On growth and pattern formation: A celebration of Philip Maini's 60th birthday

18 September 2019
19 September 2019
Various Speakers

Further Information: 

The cost for registration is £80. This includes lunch and coffee both days of the workshop, and drinks at a reception following the public lecture on Wednesday 18th September. Registration should be completed through the University of Oxford Online stores: https://www.oxforduniversitystores.co.uk/product-catalogue/mathematical-...

Deadline for registration: July 5th. Space is limited, so register early to avoid disappointment!



This meeting is being held in celebration of Prof Philip Maini's 60th birthday. Prof Maini has been an internationally leading researcher in mathematical biology for decades. He is currently the Director of the Wolfson Centre for Mathematical Biology, a position he has held since 1998. In the past 20 years he has grown the group significantly. He has established countless interdisciplinary collaborations, has over 400 publications in numerous areas of mathematical biology, with major contributions in mathematical modelling of tumours, wound healing and embryonic pattern formation. He has been elected Fellow of the Royal Society (FRS), Fellow of the Academy of Medical Sciences (FMedSci), and Foreign Fellow of the Indian National Science Academy (FNA). He has served or is serving on editorial board of a large number of journals, and was Editor-in-Chief of the Bulletin of Mathematical Biology [2002-15]. And yet his service to the community cannot be captured just by numbers and titles. Anyone who has met him and worked with him cannot but notice and be touched by his unfailing generosity and the many sacrifices he has made and continues to make day in and day out to help students, early career researchers, and fellow faculty alike.

This meeting provides an opportunity to celebrate Prof Maini's many accomplishments; to thank him for all of his sacrifices; and to bring together the large number of researchers – mathematicians, biologists, physiologists, and clinicians – that he has worked with and interacted with over the years. More broadly, the meeting provides a unique opportunity to reflect on mathematical biology, to provide perspectives on the trajectory of a field that was scarcely recognised and had very few dedicated researchers in the days of Prof Maini's own DPhil; yet a field that has grown tremendously since then. Much of this growth is attributable to the work of Prof Maini, so that today the value of mathematics in biology is increasingly recognized by biologists and clinicians, and with theoretical predictions of mathematical models having cemented a role in advancing biological understanding.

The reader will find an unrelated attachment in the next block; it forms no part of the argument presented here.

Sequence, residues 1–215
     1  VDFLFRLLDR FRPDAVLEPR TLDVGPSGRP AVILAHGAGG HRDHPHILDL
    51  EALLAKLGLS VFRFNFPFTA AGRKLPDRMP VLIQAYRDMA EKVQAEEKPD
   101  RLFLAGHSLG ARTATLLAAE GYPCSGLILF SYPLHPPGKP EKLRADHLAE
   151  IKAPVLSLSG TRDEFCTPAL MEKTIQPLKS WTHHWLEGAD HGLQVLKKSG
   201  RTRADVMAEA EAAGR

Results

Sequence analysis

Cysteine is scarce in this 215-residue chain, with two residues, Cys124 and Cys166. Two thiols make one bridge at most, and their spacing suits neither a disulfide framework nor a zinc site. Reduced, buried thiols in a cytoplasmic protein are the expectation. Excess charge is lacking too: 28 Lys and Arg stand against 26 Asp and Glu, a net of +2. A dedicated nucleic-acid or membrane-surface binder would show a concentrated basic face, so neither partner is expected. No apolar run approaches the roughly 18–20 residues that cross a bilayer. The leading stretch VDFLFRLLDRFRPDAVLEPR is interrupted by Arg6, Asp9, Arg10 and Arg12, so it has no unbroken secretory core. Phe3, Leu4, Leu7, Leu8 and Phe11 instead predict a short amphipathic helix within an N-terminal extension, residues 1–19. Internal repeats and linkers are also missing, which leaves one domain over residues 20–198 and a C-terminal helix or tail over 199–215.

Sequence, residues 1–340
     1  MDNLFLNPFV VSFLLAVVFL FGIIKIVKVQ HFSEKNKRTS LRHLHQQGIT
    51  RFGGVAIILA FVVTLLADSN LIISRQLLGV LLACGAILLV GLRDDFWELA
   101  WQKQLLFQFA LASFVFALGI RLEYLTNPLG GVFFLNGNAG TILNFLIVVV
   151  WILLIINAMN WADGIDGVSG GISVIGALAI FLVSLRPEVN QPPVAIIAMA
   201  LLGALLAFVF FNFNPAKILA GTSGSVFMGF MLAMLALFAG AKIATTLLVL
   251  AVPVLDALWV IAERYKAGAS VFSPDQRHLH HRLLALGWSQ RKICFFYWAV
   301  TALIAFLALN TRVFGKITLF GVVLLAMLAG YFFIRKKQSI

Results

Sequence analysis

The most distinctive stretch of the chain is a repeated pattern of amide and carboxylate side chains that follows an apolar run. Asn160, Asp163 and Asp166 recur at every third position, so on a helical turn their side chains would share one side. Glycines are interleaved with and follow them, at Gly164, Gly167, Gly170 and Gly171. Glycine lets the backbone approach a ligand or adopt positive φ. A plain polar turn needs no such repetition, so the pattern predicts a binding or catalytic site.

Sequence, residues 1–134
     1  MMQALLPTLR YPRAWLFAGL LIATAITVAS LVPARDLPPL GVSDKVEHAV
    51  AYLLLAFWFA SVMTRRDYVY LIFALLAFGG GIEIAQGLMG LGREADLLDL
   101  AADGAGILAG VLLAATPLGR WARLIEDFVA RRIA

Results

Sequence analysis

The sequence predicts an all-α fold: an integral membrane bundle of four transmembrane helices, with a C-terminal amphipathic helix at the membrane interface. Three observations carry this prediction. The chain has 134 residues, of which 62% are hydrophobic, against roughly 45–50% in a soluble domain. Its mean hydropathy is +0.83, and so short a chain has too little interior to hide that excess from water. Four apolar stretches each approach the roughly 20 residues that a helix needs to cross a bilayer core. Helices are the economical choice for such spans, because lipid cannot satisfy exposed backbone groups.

David SumpterUppsala University (Public lecture), Derek MoultonUniversity of Oxford, Hans OthmerMinnesota University, Jen Flegg, University of Melbourne, Jim MurrayUniversity of Washington, Jonathan SherrattHeriot-Watt University, Kevin PainterHeriot-Watt University, Linus Schumacher, University of Edinburgh, Lucy HutchinsonRoche, Mark ChaplainUniversity of St Andrews, Mark LewisUniversity of Alberta, Mary MyerscoughUniversity of Sydney, Natasha MartinUniversity of Bristol, Noemi Picco, Swansea University, Paul Kulesa, Stowers Institute for Medical Research, Ruth Baker, University of Oxford, Santiago SchnellUniversity of Michigan, Tim Pedley, University of Cambridge


Organising committee

Ruth Baker (University of Oxford)

Derek Moulton (University of Oxford)

Helen Byrne (University of Oxford)

Santiago Schnell (University of Michigan)

Mark Chaplain (University of St Andrews)